United States District Court, W.D. Louisiana, Lake Charles Division
D. CAIN, JR., UNITED STATES DISTRICT JUDGE.
the court is a Motion to Dismiss and Motion for Summary
Judgment [doc.7] filed by defendants Tony Mancuso and Scot
Nugent, in response to the civil rights suit filed in this
court under 42 U.S.C. § 1983 and state law by plaintiff
Shannon Reeves. The motion is opposed and is now ripe for
suit arises from plaintiffs treatment at the hands of unknown
officers at Calcasieu Correctional Center ("CCC").
Plaintiff alleges as follows: He was booked into that
facility on or about June 11, 2018, and alerted officers that
he had medical needs relating to injuries, including head
trauma, that he sustained in a car accident. Doc. 1,
¶¶ 6-8. Plaintiff complained when officers moved
him to a cell without a bottom bunk and told them that he
could not climb into a top bunk due to his injuries.
Id. at ¶ 9. The officers mocked him, and
plaintiff admits that he responded rudely. Id. at
¶¶ 9-10. Three officers then beat plaintiff,
throwing him to the ground and aggravating his injuries.
Id. at ¶¶ 10- 12. After the beating,
plaintiff was placed in solitary confinement and denied
medical care. Id. at ¶ 13. He filed an inmate
complaint with Internal Affairs, but the complaint was not
investigated. Id. at ¶ 14.
filed suit in this court against the three unknown officers,
in their individual capacities, and Sheriff Tony Mancuso and
CCC Warden Scot Nugent, in their official capacities. He
seeks monetary relief from all defendants under 42 U.S.C.
§ 1983, based on the alleged violations of his
constitutional rights, and state tort law. Defendants Mancuso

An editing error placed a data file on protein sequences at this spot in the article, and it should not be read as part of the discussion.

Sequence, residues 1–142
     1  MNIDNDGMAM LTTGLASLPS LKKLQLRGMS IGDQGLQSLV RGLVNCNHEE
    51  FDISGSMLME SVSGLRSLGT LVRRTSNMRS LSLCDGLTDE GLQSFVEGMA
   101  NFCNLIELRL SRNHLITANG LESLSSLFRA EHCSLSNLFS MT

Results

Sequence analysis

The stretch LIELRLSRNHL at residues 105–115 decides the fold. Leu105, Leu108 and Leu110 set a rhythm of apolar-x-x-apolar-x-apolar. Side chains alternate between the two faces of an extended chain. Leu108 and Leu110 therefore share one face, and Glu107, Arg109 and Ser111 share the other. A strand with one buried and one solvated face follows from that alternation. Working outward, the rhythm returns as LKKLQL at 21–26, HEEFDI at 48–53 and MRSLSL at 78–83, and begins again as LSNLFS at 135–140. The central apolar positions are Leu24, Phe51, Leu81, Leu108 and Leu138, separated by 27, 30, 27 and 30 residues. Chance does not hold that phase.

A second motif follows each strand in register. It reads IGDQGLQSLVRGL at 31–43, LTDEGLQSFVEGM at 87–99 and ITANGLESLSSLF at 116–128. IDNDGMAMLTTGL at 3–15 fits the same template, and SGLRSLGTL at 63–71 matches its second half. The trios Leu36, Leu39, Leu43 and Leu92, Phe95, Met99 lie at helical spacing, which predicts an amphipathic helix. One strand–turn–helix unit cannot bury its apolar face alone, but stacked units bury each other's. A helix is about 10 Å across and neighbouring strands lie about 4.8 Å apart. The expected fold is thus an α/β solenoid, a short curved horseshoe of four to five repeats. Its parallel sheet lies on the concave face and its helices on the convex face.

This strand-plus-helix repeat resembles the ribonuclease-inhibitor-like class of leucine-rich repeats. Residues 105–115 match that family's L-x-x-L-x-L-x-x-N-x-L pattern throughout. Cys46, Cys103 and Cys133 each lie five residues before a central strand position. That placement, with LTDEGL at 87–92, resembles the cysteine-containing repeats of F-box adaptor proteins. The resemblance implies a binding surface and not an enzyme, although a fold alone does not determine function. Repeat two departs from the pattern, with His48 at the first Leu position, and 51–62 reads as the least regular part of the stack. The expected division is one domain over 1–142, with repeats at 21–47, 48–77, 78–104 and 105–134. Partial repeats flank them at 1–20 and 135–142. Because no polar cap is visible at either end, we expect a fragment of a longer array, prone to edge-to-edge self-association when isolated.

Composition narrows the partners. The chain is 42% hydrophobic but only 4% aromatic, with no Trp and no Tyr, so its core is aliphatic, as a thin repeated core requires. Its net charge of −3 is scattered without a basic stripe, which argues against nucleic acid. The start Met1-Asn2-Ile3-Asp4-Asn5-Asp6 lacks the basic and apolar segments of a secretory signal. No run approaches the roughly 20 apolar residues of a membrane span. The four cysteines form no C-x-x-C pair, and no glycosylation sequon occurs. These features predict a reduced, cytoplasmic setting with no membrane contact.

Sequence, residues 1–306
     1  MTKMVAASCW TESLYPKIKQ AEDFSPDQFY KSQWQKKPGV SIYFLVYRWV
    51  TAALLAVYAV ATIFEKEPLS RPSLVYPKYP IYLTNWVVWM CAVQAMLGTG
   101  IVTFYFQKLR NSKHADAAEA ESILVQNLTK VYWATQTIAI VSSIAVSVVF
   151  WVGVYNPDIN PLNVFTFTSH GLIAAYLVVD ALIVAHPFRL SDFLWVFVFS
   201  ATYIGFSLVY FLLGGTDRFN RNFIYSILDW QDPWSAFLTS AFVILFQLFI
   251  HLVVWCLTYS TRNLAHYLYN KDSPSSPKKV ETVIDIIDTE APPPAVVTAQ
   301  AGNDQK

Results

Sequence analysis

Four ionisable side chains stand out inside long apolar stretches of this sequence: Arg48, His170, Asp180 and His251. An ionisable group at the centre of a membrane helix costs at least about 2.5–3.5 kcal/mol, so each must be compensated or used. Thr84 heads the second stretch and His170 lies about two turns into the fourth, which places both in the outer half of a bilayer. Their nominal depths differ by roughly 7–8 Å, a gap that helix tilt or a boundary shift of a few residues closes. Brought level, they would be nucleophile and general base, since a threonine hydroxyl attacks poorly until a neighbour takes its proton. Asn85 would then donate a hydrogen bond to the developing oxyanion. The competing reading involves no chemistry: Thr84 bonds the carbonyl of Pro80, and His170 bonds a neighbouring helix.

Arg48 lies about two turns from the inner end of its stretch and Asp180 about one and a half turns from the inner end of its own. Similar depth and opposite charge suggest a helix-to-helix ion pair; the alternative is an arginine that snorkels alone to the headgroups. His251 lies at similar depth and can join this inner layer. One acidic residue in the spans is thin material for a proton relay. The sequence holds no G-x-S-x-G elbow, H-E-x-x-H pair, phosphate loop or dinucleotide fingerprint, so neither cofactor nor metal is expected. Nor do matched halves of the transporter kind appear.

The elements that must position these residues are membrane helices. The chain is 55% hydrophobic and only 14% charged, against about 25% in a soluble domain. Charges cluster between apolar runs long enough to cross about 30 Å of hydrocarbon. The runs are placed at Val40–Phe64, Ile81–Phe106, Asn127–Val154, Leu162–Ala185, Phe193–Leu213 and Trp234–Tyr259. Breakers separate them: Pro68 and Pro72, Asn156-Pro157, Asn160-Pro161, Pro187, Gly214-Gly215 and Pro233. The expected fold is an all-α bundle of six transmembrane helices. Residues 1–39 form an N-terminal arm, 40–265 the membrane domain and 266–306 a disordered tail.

and Nugent now move to dismiss the matter under Federal Rule
of Civil Procedure 12(b)(6) or, in the alternative, for
summary judgment under Rule 56. Doc. 7. They allege that
plaintiff failed to exhaust his administrative remedies as
required under the Prison Litigation Reform Act, 42 U.S.C.
§ l997e. Plaintiff opposes the motion.
Motion for Summary Judgment Standards
resolution of this motion involves consideration of
defendants' extra-record evidence, the court considers
the claim as a motion for summary judgment. A court should
grant a motion for summary judgment when the movant shows
"that there is no genuine dispute as to any material
fact and the movant is entitled to judgment as a matter of
law." Fed.R.Civ.P. 56. The party moving for summary
judgment is initially responsible for identifying portions of
pleadings and discovery that show the lack of a genuine issue
of material fact. Tubacex, Inc. v. M/V Risan, 45
F.3d 951, 954 (5th Cir. 1995). The court must deny the motion
for summary judgment if the movant fails to meet this burden.
movant makes this showing, however, the burden then shifts to
the non-moving party to "set forth specific facts
showing that there is a genuine issue for trial."
Anderson v. Liberty Lobby, Inc., 477 U.S. 242, 248
(1986) (quotations omitted). This requires more than mere
allegations or denials of the adverse party's pleadings.
Instead, the nonmovant must submit "significant
probative evidence" in support of his claim. State
Farm Life Ins. Co. v. Gutterman, 896 F.2d 116, 118 (5th
Cir. 1990). "If the evidence is merely colorable, or is
not significantly probative, summary judgment may be
granted." Anderson, 477 U.S. at 249 (citations
may not make credibility determinations or weigh the evidence
in ruling on a motion for summary judgment. Reeves v.
Sanderson Plumbing Prods., Inc., 530 U.S. 133, 150
(2000). The court is also required to view all evidence in
the light most favorable to the non-moving party and draw all
reasonable inferences in that party's favor. Clift v.
Clift, 210 F.3d 268, 270 (5th Cir. 2000). Under this
standard, a genuine issue of material fact exists if a
reasonable trier of fact could render a verdict for the
nonmoving party. Brumfleld v. Hollins, 551 F.3d 322,
326 (5th Cir. 2008).